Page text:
A second phase of the Atlantic Shores wind energy project won a major federal approval Tuesday, advancing plans for 200 wind turbines within sight of New Jersey beach resorts.

The Atlantic Shores South project between Long Beach Island and Atlantic City would include 10 offshore substations and export cables bringing power to landfalls at Atlantic City and Sea Girt to the north in Monmouth County, N.J.

Combined with the previously approved Atlantic Shores 1 project, the joint ventures by Shell New Energies US LLC and EDF-RE Offshore Development, LLC would have a total nameplate maximum capacity rating of 2,800 megawatts.

An announcement of the record of decision from the Department of Interior touted the Biden administration’s pace of offshore wind approvals, counting Atlantic Shores South as the 9th major project.

 “Today’s approval of an offshore wind project that has a labor agreement with six New Jersey unions reflects the win-win opportunities that we are seizing to benefit local workers and communities,” said Ali Zaidi, the administration national climate advisor.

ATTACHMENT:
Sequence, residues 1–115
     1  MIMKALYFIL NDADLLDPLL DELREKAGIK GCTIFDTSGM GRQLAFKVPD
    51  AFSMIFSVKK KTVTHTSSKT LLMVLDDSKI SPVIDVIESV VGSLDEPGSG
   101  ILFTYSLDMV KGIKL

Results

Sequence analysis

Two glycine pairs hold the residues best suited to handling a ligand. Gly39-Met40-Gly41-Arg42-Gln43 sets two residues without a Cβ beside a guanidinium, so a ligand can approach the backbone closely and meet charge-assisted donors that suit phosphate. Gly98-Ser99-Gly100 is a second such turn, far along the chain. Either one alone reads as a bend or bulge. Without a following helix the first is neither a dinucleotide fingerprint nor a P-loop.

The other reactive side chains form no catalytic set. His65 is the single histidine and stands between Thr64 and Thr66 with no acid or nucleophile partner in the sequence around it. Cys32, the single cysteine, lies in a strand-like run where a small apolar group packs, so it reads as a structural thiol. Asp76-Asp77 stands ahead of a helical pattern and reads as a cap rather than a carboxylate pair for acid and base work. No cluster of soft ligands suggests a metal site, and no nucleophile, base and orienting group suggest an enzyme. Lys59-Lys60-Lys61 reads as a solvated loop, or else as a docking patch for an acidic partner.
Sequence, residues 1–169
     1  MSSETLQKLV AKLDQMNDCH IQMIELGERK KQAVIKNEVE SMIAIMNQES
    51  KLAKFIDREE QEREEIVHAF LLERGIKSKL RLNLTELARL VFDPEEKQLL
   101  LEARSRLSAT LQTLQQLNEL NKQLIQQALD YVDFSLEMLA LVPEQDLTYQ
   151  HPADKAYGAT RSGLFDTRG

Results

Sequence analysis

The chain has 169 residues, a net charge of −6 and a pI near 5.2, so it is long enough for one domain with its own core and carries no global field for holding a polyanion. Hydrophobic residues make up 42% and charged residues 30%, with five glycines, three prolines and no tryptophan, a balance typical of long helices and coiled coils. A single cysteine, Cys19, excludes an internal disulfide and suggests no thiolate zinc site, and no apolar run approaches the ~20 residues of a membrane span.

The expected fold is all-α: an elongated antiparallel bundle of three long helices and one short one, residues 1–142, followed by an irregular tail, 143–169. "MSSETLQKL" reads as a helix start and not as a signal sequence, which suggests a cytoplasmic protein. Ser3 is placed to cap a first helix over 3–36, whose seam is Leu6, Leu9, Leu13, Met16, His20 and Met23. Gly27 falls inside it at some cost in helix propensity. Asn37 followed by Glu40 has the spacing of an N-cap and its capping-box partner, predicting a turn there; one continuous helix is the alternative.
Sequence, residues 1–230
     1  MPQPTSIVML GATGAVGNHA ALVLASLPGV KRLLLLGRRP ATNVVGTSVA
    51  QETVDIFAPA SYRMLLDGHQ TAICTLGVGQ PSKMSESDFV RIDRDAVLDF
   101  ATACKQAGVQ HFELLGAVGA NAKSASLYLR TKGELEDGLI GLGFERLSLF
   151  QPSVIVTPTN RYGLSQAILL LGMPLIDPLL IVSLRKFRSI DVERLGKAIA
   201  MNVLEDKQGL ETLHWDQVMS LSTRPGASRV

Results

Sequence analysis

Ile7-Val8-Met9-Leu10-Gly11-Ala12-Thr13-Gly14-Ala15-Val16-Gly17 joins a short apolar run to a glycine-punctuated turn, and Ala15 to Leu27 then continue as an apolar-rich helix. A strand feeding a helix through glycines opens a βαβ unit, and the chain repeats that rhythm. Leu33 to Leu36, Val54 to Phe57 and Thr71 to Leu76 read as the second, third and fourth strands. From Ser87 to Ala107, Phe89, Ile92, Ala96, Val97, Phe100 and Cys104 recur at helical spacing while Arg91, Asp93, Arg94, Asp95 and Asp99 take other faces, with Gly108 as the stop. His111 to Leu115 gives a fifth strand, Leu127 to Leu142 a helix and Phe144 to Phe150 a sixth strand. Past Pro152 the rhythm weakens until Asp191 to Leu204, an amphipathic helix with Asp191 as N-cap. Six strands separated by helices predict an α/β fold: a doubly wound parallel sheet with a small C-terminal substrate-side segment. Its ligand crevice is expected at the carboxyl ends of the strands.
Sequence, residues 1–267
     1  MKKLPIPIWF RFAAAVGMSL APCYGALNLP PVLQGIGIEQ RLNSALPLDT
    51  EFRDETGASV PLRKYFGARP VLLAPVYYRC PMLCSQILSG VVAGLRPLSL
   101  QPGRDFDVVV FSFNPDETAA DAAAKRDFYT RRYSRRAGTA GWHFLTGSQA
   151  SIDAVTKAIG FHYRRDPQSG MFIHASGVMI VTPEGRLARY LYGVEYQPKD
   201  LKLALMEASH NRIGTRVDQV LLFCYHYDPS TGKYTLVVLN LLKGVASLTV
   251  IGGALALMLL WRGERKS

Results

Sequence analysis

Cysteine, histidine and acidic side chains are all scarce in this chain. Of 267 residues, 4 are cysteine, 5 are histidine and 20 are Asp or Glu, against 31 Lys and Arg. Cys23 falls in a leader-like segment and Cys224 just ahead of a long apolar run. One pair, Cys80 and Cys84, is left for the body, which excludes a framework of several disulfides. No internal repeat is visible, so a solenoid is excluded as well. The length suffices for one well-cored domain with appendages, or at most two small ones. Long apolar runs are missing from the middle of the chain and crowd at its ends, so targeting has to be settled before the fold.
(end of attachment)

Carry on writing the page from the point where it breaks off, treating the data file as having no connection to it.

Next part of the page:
The array could be within 8.7 miles of shore at its closest point, but developers have said the nearest turbines would be about 12.8 miles out. Atlantic Shores would still be one of the closest nearshore wind projects in the world, according to determined protests and legal opposition from the group Save LBI.

Along with objections from beach community groups and the tourism industry, the prospect of turbine arrays off southern New Jersey has long been opposed by commercial fishermen. Surf clam operators say they cannot safely operate within those areas without at least 2 nautical mile clearance between turbine towers – about twice the spacing envisioned by BOEM and developers.

The Atlantic Shores developers still must submit a construction and operations plan for approval by the Bureau of Ocean Energy Management.